Museum Bulletins

Volume 20

Tapeworms of Elasmobranchs (Part II) A Monograph on the Diphyllidea (Platyhelminthes, Cestoda)

Volume: 20
Author(s): Gaines Albert Tyler II, 2006. 142 pages.
Price: $25.00 plus shipping. Please enquire of Janine Caira at the University of Connecticut for copies.

Abstract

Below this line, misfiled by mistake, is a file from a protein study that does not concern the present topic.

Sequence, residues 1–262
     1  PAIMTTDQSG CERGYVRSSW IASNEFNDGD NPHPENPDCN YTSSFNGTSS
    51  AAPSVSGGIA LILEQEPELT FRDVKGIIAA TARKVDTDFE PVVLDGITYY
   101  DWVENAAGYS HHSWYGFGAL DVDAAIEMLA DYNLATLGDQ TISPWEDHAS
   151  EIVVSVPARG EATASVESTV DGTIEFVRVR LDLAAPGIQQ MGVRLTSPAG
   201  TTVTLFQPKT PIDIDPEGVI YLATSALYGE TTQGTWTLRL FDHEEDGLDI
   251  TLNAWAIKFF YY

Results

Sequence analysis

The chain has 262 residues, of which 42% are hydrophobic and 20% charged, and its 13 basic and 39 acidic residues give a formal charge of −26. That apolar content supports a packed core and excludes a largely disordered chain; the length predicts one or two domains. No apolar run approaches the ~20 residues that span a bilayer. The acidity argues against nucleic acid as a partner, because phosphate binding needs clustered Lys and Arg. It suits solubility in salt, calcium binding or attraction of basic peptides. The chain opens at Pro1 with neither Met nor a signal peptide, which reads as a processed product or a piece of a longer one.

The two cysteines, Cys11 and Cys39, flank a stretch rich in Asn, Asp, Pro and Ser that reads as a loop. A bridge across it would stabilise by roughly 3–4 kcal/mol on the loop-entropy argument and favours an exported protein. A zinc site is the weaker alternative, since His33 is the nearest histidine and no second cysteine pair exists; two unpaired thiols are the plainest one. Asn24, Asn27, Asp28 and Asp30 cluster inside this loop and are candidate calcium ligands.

This monograph is a synthesis of the diversity, systematics, host associations, and biogeography of the Diphyllidea. A thorough review of the literature resulted in the transfer of Diagonobothrium into Diphyllidea as a genus inquirendum. The genus Yogeshwaria was transferred to Diphyllidea as a synonym of Echinobothrium. Its only species, E. nagabhushanin. comb., is considered to be a species inquirenda. New collections resulted in the description of a new species of Echinobothrium. Type and/or voucher specimens for 32 of 36 valid diphyllidean species (including the new species) were examined using light microscopy and scanning electron microscopy. All 32 species examined were redescribed and figured. This work resulted in the elucidation of 55 morphological characters that were employed in cladistic analyses involving 34 diphyllidean and seven outgroup species. The most parsimonious trees resulting from these analyses support Ditrachybothridium as a monophyletic taxon. All three species formerly assigned to Macrobothridium appeared among species of Echinobothrium. Thus, Echinobothrium is paraphyletic if Macrobothridium is excluded. As a consequence, Macrobothridium is synonymized with Echinobothrium, and its constituent species transferred to the latter genus. The trees obtained from these analyses failed to recover any of the topology of the only previously published phylogeny of the order. A comparison of the tree resulting from the phylogenetic analyses among the diphyllideans to a composite tree of the relationships among batoid genera known to host Echinobothrium suggests that strict coevolution between the elasmobranchs and their diphyllidean tapeworms is unlikely to have occurred. However, because the sampling of potential elasmobranch hosts has not been comprehensive, this conclusion is considered preliminary.